The San Francisco Office of Early Care and Education (OECE) manages over $100 million to help lower-income families get quality childcare. The office was considering to open a contract for making the paper application process digital. Before taking this step, OECE wanted to learn more about families’ experiences trying to get quality childcare. As a people experience researcher in the agency where the office is housed, I led the project and did the research. This included training five OECE teammates to do interviews in multiple languages.
Role: Project Manager and Research Lead
Challenges: Childcare providers and community organizations had already shared with OECE about the obstacles people had trying to get subsidized childcare. OECE wanted to learn directly from clients to inform a contract. How could I help them by including a diverse group of people’s lived experiences with the application process?
Strategy: I shared my project brief template with the executive director and her team of about 15. They then participated in a facilitation I led to align on the brief’s details. Five of their colleagues joined me to do research in Cantonese, Mandarin, Spanish and English. We did two practice interviews using templates I created. They followed my sampling strategy to recruit clients and I did five of the interviews. We used an informed consent document I created, reviewed it with clients before starting each interview, and paid them for their time. I also asked two community partner organizations, which help people access subsidized childcare, to document every question they received in a week across languages. This was done to compare self-reported (interview) data with behavioral (observational) data.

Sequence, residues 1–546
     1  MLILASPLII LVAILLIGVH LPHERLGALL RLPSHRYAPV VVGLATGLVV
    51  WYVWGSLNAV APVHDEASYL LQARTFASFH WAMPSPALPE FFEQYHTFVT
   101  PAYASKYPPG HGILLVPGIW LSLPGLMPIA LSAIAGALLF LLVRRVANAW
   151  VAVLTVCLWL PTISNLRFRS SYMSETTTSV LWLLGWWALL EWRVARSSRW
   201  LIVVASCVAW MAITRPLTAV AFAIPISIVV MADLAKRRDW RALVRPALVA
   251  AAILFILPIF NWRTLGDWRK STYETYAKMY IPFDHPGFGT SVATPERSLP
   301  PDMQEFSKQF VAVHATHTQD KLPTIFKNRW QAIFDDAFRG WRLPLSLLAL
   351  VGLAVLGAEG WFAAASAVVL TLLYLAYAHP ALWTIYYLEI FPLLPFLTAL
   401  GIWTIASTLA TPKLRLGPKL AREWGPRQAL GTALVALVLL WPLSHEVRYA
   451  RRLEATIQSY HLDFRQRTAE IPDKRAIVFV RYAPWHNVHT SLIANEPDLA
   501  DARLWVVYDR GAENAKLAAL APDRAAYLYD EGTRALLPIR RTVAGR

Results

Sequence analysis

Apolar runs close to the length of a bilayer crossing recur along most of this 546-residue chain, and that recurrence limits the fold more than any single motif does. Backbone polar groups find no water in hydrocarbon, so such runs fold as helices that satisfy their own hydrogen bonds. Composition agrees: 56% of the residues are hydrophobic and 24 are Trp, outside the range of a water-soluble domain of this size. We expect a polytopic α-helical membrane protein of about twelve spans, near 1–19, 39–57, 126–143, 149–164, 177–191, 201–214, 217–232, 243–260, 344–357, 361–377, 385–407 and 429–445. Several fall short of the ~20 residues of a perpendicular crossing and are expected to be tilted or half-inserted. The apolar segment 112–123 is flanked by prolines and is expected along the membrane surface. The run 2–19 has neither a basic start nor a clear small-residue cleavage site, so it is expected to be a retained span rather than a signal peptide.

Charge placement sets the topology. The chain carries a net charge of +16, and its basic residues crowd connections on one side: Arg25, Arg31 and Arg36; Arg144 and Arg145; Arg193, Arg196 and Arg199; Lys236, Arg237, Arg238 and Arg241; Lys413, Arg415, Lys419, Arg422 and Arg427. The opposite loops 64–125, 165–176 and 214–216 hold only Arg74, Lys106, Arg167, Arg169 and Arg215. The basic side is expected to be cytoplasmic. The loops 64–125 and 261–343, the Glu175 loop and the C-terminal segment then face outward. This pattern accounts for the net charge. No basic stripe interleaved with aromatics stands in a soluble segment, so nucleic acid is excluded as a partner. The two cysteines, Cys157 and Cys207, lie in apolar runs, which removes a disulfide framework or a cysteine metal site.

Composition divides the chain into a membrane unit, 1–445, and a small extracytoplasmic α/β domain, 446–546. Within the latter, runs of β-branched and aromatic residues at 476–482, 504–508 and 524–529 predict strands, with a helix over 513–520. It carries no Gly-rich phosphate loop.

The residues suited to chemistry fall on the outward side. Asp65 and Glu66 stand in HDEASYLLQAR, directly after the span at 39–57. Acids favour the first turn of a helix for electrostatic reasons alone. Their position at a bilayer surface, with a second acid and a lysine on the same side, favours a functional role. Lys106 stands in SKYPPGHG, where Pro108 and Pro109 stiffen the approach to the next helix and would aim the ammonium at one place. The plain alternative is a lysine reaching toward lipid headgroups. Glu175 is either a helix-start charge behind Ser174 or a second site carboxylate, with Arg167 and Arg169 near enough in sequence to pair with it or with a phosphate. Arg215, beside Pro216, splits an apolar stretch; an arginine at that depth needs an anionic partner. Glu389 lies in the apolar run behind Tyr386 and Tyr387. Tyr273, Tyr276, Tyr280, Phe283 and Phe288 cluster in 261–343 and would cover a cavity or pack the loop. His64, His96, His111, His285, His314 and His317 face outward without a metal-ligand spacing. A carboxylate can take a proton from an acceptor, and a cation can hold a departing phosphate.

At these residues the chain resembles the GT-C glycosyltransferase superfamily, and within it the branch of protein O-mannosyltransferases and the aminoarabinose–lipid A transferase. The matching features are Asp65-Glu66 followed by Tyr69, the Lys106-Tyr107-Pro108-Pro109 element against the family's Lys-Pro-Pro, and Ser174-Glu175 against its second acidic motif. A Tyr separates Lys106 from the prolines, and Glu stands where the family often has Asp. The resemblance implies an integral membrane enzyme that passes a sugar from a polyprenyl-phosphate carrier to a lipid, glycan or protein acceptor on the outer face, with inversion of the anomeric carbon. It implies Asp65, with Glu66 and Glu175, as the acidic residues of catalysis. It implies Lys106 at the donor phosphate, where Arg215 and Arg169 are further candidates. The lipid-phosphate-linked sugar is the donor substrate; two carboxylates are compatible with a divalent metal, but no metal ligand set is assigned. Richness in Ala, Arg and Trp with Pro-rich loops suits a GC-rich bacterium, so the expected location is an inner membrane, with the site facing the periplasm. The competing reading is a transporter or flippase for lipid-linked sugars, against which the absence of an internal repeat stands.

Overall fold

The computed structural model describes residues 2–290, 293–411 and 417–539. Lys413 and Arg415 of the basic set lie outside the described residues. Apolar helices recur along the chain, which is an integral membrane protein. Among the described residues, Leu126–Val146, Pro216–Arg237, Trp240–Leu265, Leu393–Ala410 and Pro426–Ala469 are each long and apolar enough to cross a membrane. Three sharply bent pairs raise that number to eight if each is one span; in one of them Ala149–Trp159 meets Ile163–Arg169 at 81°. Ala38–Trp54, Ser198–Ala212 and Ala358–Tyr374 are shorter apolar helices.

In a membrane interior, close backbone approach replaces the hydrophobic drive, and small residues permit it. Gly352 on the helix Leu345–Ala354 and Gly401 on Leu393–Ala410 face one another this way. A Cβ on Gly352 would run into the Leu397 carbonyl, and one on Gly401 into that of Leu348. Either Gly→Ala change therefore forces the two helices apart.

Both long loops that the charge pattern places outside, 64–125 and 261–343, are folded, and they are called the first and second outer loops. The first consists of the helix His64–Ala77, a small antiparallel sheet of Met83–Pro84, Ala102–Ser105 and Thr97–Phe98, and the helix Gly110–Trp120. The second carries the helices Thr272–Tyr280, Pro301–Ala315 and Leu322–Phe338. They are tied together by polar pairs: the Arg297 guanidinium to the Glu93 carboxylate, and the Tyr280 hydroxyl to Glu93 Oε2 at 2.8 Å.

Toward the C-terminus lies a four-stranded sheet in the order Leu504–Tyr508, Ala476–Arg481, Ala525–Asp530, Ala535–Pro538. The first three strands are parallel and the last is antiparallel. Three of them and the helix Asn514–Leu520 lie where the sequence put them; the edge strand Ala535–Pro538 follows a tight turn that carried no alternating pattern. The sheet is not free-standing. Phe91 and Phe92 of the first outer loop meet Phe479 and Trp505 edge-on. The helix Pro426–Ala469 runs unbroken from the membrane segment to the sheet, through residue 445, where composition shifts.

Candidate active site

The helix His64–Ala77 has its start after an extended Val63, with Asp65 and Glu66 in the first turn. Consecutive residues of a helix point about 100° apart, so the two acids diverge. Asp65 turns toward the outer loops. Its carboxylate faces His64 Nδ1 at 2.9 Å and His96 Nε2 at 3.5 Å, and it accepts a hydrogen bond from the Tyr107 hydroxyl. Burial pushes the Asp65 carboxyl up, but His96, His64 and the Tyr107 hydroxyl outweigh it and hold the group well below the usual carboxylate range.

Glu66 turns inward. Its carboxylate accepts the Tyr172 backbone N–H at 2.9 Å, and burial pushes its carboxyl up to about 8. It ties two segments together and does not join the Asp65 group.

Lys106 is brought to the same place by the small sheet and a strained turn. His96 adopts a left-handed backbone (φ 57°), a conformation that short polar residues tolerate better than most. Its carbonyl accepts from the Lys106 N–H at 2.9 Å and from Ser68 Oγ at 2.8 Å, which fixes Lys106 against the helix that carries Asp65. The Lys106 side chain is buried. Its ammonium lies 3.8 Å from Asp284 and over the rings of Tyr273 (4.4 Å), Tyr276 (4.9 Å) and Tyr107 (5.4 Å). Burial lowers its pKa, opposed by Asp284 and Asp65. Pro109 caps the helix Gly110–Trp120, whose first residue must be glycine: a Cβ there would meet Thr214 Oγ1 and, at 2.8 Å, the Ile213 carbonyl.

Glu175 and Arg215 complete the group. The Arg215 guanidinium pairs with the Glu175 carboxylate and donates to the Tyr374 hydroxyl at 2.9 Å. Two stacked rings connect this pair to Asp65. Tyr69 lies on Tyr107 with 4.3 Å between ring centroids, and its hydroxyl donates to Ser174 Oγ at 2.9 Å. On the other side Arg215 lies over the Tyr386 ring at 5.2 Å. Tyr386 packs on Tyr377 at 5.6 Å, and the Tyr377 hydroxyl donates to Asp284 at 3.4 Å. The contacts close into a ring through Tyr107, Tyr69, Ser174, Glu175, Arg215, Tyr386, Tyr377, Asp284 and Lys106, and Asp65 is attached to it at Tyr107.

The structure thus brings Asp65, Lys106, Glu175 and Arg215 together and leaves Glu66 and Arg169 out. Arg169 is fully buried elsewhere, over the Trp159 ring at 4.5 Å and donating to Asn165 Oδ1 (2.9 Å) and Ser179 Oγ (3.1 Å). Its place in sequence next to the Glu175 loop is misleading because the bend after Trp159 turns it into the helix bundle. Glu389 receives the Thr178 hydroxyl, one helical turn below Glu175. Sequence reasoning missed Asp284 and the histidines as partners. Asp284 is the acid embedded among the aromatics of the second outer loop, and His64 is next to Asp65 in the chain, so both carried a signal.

Equity Considerations: The research team reflected the clients we interviewed, because they came from similar communities, spoke the clients’ language and could relate to their lived experiences. We held interviews at night with children in the room to accommodate parents and deepen our commitment to diverse representation in the data.
Outputs: (1) Six anonymized profiles of real clients who represented the range of 28 people’s experiences with the application process. (2) A full report of insights, recommendations, and the strategy we took to produce them. (3) A facilitated session for OECE and community partners to interpret the insights and tie them to actionable next steps.
Impact: (1) The research gave OECE the confidence to move forward with the digital solution and to remove a wait-list for homeless families. (2) Two childcare community organizations were contracted to provide more hands-on services to all San Franciscans needing help finding quality childcare.